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Child custody: What terms should be part of your agreement?

 Posted on June 19, 2020 in Uncategorized

Especially if you were married 10 or more years, not living with your spouse anymore may take some getting used to. Your children, in particular, may encounter challenges adapting to a new lifestyle where their parents live in separate households. Divorce isn't easy, but it doesn't necessarily have to ruin your kids' lives. By agreeing to mediate your divorce instead of litigating in a Texas courtroom, you're agreeing to try to settle your differences and design a child custody plan built on cooperation.

When your children see that you and your ex are willing to work together as a parenting team, they may be less worried about their future and better able to come to terms with the changes in their lives. Figuring out what exact terms to incorporate into your co-parenting plan can be challenging, however.

Stipulations help clarify terms

You and your ex might agree that you will take turns driving your children to school or sporting events or wherever else they need to go. Adding stipulations to terms like these in your co-parenting agreement helps avoid confusion. For instance, you might wish to include a stipulation stating that if one of you is unable to take his or her turn driving the children, he or she is to notify the other parent before asking another adult to fill in as a substitute driver.

You may also choose to add stipulations regarding new romantic relationships. Is it important to you that you meet someone your ex is dating before he or she introduces the new partner to your kids? You can add this as a stipulation in your child custody agreement.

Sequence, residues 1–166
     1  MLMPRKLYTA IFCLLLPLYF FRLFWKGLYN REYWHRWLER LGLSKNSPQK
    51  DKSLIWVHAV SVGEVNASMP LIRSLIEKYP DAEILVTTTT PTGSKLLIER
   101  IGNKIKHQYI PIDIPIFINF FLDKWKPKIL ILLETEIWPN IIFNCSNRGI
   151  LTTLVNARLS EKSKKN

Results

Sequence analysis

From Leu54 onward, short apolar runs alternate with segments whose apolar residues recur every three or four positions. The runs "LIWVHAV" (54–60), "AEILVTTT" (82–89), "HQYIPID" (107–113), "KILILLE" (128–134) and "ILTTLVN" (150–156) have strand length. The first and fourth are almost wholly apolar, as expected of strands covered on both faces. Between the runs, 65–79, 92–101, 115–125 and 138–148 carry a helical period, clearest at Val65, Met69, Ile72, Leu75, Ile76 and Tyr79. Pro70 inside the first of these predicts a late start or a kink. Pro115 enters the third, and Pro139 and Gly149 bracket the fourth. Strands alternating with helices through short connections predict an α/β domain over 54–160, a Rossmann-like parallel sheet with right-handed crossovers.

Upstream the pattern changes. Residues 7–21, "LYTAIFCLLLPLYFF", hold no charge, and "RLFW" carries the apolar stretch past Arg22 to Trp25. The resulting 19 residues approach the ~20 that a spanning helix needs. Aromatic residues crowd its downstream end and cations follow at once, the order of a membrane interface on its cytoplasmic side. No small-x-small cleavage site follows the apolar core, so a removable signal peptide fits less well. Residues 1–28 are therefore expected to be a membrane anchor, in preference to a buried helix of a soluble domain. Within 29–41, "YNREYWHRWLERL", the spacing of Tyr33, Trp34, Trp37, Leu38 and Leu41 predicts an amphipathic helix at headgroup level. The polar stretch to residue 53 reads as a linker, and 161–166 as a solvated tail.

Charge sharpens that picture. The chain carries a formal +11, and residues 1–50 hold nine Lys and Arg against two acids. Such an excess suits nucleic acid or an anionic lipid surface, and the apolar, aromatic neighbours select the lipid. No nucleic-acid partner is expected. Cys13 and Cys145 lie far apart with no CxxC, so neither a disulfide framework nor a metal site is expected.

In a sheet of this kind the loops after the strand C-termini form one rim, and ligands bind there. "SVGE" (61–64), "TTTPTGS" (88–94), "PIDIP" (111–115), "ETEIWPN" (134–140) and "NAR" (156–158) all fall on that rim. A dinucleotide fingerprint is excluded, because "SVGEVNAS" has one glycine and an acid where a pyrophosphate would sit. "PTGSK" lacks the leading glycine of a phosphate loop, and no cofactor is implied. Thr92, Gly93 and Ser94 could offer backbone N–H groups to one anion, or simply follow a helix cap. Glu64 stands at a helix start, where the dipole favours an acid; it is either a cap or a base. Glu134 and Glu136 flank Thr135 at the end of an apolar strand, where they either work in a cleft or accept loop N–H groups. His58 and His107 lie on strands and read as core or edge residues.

Will you attend special events together?

As you and your kids move on in life after divorce, there will naturally be many special events in their lives. Such events include annual holidays as well as school concerts or science fairs, sports competitions, or even special dances. Children typically want both parents to share in the milestones of their youth.

When mediating a divorce, one of your main goals is to peacefully negotiate a co-parenting agreement that focuses on your children's best interests. With this in mind, you might consider agreeing to attend special events together. If you don't think that would be a good idea, you might agree to alternate with each event. In fact, sometimes, such as for a holiday like Thanksgiving or Christmas, you might split up the hours in the day so you both get to spend time with your children.

Child care or babysitting

While you and your ex have made an adult decision to part ways, it doesn't mean either one of you is taking your responsibilities as a parent lightly. When you entrust your children's care to someone other than the two of you, it is important that you're in agreement.

As part of your co-parenting plan, you can write terms of instructions for choosing child care or a babysitter for your kids. Perhaps, you agree that one of you may make such decisions. On the other hand, maybe you feel more comfortable agreeing that both parents must meet (or visit) and approve a prospective babysitter or child care facility.

Divorce mediation helps parents work together

The fact that you want a divorce doesn't necessarily mean you think your ex is a bad parent. It also doesn't mean you must fight over every child-related issue in order to achieve a settlement. Mediation is a peaceful alternative to litigation.

You and your ex can agree to take your time, discuss all important issues concerning your kids, then design your own plan that protects your parental rights while keeping their best interests in mind. Seeking support from someone experienced in the mediation process is always a good idea as well, and that someone doesn't have to be an attorney.

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